Agile Planning: it’s not an oxymoron.

On Tuesday, April 15, our Teamstart webinar series will answer your questions about Agile Planning. Whether you’re just getting started with Agile or consider yourself an expert, join us to get and give good Q+A. We'll talk about making and keeping commitments, using tracking and metrics to predict delivery, and planning levels with time horizons.

Here are a few questions from past Agile Planning webinars:

  1. How does the product owner role fit into Agile Planning?
  2. Are there guidelines for setting up good planning estimates?
  3. If the team is not able to complete a story before the iteration ends,  or if a critical change is requested, how do we respond?

From an Agile Planning perspective these are related questions. Let’s take a look at the answers to see why.

1. How does the product owner role fit into Agile planning?

Answer:  A product owner initiates and translates the product roadmap into a manageable product backlog. He or she participates in daily standups and manages the product dashboard. The product owner communicates with internal teams and the product manager, to understand the features and requirements and support the release planning and sprint planning exercises. It’s also the product owner’s job to allow the team to manage itself and understand Agile estimation approaches.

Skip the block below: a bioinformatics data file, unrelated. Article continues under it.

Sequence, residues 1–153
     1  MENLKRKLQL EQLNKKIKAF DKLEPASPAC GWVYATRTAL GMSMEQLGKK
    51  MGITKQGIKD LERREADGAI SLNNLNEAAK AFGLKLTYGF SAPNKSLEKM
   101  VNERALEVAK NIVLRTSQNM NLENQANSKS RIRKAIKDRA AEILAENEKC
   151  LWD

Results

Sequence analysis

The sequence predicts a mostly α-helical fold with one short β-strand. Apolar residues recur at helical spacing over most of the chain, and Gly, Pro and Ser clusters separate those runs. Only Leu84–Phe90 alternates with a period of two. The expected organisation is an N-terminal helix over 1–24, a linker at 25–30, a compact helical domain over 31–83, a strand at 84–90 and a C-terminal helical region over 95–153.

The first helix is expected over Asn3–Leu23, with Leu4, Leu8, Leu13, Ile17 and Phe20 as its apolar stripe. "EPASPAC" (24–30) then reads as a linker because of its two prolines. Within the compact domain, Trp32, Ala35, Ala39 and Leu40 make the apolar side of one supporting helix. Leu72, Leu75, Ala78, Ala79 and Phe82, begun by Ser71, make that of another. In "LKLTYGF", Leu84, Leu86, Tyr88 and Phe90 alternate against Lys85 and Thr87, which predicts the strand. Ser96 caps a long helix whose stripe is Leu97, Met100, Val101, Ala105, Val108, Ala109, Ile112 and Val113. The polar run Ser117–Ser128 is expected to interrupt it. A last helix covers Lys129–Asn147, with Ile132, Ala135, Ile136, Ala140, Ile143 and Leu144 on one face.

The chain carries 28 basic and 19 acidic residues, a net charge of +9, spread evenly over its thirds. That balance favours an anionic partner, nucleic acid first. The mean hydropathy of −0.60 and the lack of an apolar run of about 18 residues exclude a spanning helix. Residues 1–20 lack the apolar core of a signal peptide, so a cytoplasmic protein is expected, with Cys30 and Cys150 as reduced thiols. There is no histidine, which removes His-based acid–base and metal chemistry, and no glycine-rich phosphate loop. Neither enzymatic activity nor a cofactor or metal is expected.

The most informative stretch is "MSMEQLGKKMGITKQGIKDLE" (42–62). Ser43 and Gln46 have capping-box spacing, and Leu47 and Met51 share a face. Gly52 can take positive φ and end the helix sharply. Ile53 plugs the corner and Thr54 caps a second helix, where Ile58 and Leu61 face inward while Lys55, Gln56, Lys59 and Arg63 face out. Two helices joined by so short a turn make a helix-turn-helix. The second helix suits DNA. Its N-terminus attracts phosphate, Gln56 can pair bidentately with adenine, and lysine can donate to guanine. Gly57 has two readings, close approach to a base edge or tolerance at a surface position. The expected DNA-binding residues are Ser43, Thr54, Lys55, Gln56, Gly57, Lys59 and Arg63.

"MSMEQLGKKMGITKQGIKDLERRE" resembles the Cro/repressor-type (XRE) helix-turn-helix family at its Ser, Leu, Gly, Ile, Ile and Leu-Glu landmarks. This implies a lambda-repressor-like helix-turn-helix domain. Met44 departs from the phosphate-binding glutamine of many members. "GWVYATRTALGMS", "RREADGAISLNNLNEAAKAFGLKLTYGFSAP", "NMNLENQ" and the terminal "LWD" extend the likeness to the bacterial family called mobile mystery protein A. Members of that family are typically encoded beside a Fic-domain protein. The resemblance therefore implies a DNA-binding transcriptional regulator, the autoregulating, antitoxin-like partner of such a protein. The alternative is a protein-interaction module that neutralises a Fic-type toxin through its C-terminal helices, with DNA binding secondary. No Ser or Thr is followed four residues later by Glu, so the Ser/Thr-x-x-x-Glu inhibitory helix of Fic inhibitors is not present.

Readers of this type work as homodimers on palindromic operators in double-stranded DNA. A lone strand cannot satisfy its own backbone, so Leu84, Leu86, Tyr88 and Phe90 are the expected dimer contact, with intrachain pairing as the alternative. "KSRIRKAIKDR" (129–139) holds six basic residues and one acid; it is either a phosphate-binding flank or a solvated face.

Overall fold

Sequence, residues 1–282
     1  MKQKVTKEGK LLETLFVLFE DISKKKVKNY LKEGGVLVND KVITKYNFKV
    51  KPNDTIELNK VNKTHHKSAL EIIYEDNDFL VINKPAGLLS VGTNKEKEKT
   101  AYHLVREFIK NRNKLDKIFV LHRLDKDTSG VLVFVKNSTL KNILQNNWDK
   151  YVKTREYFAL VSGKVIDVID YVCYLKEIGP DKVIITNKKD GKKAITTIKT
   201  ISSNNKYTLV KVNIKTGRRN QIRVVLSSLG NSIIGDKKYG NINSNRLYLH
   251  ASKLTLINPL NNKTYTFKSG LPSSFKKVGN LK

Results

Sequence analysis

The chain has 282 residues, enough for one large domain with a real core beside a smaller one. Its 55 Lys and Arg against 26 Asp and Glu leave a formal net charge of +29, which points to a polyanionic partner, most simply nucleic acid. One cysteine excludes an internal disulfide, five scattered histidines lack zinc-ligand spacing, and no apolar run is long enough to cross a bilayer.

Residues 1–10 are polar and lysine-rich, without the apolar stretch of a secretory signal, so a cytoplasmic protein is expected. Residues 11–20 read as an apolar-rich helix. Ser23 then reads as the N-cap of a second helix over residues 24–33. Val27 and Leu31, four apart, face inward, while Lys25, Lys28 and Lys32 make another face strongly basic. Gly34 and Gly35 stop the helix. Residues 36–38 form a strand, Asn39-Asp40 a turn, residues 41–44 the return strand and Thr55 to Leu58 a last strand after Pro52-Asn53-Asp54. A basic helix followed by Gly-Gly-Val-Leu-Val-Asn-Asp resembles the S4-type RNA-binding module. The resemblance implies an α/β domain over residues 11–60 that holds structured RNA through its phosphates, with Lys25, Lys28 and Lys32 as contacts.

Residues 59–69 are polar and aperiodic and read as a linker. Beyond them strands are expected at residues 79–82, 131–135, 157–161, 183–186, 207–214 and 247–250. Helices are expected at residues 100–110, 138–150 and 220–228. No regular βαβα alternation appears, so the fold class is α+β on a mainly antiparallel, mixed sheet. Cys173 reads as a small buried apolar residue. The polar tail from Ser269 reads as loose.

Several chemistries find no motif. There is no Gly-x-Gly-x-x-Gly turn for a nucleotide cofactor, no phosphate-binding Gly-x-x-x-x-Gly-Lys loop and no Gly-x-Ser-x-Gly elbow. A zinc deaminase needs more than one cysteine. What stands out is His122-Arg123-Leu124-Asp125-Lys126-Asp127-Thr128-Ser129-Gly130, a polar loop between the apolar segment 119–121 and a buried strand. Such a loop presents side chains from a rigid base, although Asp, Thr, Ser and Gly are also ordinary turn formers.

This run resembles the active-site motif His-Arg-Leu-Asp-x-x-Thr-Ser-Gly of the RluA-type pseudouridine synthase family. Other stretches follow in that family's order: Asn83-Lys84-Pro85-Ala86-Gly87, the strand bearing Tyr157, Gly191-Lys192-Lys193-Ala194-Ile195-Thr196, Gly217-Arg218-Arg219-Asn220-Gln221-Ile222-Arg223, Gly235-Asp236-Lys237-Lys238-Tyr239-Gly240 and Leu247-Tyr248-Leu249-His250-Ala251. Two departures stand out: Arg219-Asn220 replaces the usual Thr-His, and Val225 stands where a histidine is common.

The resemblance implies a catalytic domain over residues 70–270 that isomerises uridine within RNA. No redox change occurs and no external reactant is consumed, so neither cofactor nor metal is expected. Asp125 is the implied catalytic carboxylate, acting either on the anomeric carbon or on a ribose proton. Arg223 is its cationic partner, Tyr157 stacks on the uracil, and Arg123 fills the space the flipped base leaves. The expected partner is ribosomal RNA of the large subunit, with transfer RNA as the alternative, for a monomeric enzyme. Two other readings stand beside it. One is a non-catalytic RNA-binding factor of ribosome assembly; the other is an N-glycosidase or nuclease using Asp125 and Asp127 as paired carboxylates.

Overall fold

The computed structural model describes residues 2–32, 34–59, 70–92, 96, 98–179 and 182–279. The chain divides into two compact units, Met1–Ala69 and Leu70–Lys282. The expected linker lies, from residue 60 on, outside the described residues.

5 Levels of Agile Planning: From Enterprise Product Vision to Team Stand-up, Hubert Smits

2. Are there guidelines for setting up good planning estimates?

Answer: The principal guideline when estimating user story size is to employ a comparative approach. For example, rather than estimating in absolute terms, such as hours or days, you use abstract "story points" to compare the sizes of work items with past work the team has completed. Using an example the team is already familiar with helps you establish a baseline. By contrast, task size should be estimated in hours, since a task should be small enough that it doesn’t span more than a working day (about six hours.)

The estimation of stories done in abstract values happens continuously, and well before iteration planning; whereas task estimation is done once during the iteration planning meeting, immediately before the team votes to commit to the proposed work.

3. If the team is not able to complete a story before the iteration ends, or if a critical change is requested, how do we respond?

Answer: When the scope of a user story becomes larger -- either because you underestimated its scope or because a change request comes in -- you should finish the current iteration as planned, and re-plan the remaining iterations in the release. In a situation where the team still has a fixed delivery date, you must work with the business to determine what other committed-to features or functions may be sacrificed to continue to work within the timebox limits. Teams should review burndown charts daily, so that you can spot problems early and mitigate them. When it’s necessary to re-estimate and re-prioritize features, you should signal to the business and stakeholders as soon as possible.

I bet you have at least three questions about Agile! Learn more about Agile Planning. Check out our Agile Webinar Series.

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